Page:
Oyster Bay constable and Nassau police watch clammers on Saturday,...

Oyster Bay constable and Nassau police watch clammers on Saturday, June 4, in Hempstead Harbor. Credit: Newsday/J. Conrad Williams Jr.

The reopening of 2,500 acres of Hempstead Harbor to clamming is good news not only to those who harvest and consume clams. We can all rejoice that even the vast environmental problems that closed it can be fixed if citizens and governments work together.

A 1971 Newsday investigation posed this question: "Who's Killing Hempstead Harbor?" There were many culprits: sewage treatment plants in Glen Cove and Roslyn, sand mining, heavy industry, and rain that carried oil and other surface contaminants to the harbor.

But in the mid-1980s, a citizens group, the Coalition to Save Hempstead Harbor, began to push government. Then, in 1995, nine municipalities -- the towns of Oyster Bay and North Hempstead, the City of Glen Cove, five villages and Nassau County -- formed the Hempstead Harbor Protection Committee, a pioneering effort. And they collaborated with the state's departments of State and Environmental Conservation and the federal Environmental Protection Agency.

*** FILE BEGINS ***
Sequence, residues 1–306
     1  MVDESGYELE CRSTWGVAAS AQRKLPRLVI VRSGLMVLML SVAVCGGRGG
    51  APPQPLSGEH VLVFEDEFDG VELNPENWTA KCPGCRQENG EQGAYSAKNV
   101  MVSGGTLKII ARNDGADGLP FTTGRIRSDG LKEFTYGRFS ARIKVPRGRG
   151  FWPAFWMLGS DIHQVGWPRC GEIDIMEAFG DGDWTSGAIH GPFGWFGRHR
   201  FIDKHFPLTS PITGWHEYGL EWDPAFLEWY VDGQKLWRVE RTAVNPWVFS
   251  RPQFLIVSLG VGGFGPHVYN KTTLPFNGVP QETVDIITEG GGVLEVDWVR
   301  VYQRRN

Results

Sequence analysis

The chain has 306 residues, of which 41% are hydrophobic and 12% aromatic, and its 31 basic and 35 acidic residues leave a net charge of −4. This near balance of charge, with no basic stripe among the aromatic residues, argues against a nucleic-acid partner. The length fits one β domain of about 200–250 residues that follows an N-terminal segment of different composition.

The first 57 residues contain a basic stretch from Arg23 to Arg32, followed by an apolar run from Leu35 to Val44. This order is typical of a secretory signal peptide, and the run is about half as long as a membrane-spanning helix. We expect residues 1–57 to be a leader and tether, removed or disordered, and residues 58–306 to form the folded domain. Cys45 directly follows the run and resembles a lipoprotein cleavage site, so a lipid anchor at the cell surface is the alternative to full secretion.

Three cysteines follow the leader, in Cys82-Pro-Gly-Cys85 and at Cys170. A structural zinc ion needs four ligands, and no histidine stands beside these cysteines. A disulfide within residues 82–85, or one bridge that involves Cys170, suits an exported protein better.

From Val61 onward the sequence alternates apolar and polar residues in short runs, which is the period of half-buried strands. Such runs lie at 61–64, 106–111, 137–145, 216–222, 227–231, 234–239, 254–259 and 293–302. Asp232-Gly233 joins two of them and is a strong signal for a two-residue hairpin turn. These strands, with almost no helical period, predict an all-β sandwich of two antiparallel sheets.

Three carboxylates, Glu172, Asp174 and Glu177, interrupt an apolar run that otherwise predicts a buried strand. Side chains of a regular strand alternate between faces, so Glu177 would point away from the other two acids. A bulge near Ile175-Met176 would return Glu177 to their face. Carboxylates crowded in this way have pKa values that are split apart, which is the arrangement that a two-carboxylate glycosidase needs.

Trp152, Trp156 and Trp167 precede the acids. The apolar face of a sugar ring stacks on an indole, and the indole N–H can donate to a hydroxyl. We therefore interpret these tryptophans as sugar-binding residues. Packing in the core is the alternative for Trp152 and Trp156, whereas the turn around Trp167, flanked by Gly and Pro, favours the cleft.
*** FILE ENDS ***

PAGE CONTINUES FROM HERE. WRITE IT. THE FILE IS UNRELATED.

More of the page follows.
Since the 1971 story, some remedial actions were huge, like closing the Roslyn sewer plant, upgrading the Glen Cove plant, and cleaning up Superfund sites. Others were smaller, like GeesePeace, a program to cut the amount of Canada geese droppings.

It all added up to success. A lot remains to be done: The inner harbor is still closed to clamming. But the return of clammers last week is a sign that we really can clean our precious waters -- a work that is never finished.